Swanage Project has new boss

by

Mike Whitham, chairman of the Swanage Railway Trust
(c) Andrew Wright, Swanage Railway Company

The Swanage Railway Trust Council of Management has elected Mike Whitham to be its new chairman, following the resignation of Bill Trite who had lead the Railway for 17 years. After his election Mr Whitham said, “Ever since my first visit to the Swanage Railway in the mid-1980s, I have passionately believed in the railway, its achievements and its objectives. I am honoured to be chosen to take the Swanage Railway into its next exciting venture – an all-year round amenity train service between Swanage and Wareham.” He also pledged, “I will ensure that this does not compromise the Swanage Railway’s current heritage steam and diesel services.” Mr Whitham started as a trainee signalman on the Swanage Railway in 1996. He became the railway’s volunteer liaison officer in 1999 and then took on the role of youth protection officer. Since May, 2007, he has also been a member of Swanage Town Council. Mr Whitam will also be chairman of the operating company, the Swanage Railway Company.

The Swanage Railway has, since the beginning of the project in 1972, always had the twin objective of both restoring a community rail service linking up with the main line at Wareham and running a heritage railway. Inevitably the signalling iimprovements to make this possible would be very costly. However, under Bill Trite, the Trust’s management have always shied away from raising share capital in the manner of other British heritage railways such as the North Norfolk Railway (the first to do so), the Severn Valley Railway (the first to raise over £100,000) and several others. This context makes Mr Whitham’s next statement very interesting, “It is also important that we secure substantial fundraising to achieve all our goals – as well as exploring the possibility of raising capital for specific projects through grants and seeking new methods for general fundraising. I see my role as ensuring the Swanage Railway further improves its services to the public, as well as attracting more passengers and increasing profitability so the railway can achieve its goals while retaining its unique character.”

Mike’s predecessor, Bill Trite became chairman of the then Southern Steam Trust following a stormy annual general meeting of the Trust in 1991 when the Swanage Railway was in a precarious financial position. With the help of local residents and legal advice from David Morgan, Heritage Railway Association (the UK umbrella body) chairman, Bill Trite lead the railway’s financial recovery and then put in the management systems to ensure that such a crisis could never befall the railway again. Under Bill Trite’s management the Swanage Railway became one of the most popular railways in the South. Last year the Railway carried more than 200,000 passengers, had an annual turnover in excess of £ 2 million, had over 4,000 members, some 400 active volunteers and employed 45 people in full and part-time posts.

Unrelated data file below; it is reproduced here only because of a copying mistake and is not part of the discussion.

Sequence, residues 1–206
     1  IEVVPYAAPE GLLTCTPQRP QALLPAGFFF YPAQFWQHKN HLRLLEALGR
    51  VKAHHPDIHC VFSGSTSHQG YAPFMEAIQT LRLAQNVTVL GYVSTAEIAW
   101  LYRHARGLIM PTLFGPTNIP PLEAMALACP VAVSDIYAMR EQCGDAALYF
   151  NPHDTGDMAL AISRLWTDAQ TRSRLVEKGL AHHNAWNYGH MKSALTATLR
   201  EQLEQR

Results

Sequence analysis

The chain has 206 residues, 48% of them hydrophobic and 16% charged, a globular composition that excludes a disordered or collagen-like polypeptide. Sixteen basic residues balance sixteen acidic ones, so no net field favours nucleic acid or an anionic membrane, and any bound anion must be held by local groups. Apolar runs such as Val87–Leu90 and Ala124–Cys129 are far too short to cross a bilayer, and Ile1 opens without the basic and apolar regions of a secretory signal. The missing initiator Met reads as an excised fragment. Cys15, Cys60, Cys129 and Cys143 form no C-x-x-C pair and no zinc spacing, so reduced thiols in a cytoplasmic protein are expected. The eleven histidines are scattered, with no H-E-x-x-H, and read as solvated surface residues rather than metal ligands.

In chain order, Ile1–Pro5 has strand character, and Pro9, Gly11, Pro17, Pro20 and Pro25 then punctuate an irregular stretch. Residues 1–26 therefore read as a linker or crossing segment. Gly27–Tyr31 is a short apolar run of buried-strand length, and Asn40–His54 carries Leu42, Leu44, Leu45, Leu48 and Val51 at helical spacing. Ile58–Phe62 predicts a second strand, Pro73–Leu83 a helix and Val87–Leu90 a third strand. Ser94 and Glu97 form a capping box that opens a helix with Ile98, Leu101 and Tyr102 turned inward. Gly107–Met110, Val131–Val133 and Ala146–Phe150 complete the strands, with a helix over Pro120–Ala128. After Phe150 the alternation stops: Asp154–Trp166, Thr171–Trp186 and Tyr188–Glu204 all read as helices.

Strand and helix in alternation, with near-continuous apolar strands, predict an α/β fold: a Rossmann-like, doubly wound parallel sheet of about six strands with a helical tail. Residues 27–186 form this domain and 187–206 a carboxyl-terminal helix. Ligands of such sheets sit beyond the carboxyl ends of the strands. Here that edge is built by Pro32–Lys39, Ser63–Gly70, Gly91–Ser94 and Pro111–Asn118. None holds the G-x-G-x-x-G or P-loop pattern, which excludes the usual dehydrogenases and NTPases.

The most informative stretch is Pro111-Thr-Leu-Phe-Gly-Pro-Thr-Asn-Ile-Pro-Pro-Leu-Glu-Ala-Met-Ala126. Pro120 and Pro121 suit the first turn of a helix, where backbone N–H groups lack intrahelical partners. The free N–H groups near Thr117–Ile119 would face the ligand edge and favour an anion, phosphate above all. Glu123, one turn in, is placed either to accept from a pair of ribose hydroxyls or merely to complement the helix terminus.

The Swanage Railway Project was started by Andrew Goltz, at the time a student at Birmingham University. Together with John Sloboda he formed the Swanage Railway Society in 1972. As Society chairman he lobbied the local authorities, ultimately successfully, to withdraw from using the railway formation for a by-pass and to allow the railway Project to go ahead. From 1978 to 1991 the Project was lead by Southern Steam Trust chairman, Mike Stollery, under whose leadership the physical rebuilding of the railway track, and the restoration of historic rolling stock, made substantial progress; and the operation of revenue earning tourist trains begun.

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One Response to “Swanage Project has new boss”

  1. K. Jackman Says:

    Dear Sir,

    I wonder if this may be of interest to you. As lad of 14, my first job was as a cleaner on the Swanage M7 tank engine that run the push and pull service to Wareham. After 6 months, I transferred to Bournemouth Loco Depot and eventually to Nine Elms Depot, which is now Covent Garden market.

    At Nine Elms I rose through the links, to the mainline top link. All my work then was express passenger trains. My engine on the mainline was a Merchant Navy class No. 35017 Belgian Line. They were fine engines and, at that time, had 280 lbs/sq in pressure that would have retained a head of steam even if shovelled with cow pats.

    As a passed fireman on occasion, I drove the Atlantic Coast express, the Bournemouth Belle and the Devon Belle. I have nothing but fond memories of my time on the footplate, I could see which way things were heading and as driving electrics never appealed to me I decided to leave the job and become a London taxi driver.

    This past Christmas I was back home in Swanage and seeing the trains run on that historic line made the hairs on the back of my neck stand on end.

    I wish you every success in your endeavour to get the line between Swanage and Wareham reopened and look forward to once again riding that route in the future, hopefully the near future.

    Yours sincerely

    Keith Jackman

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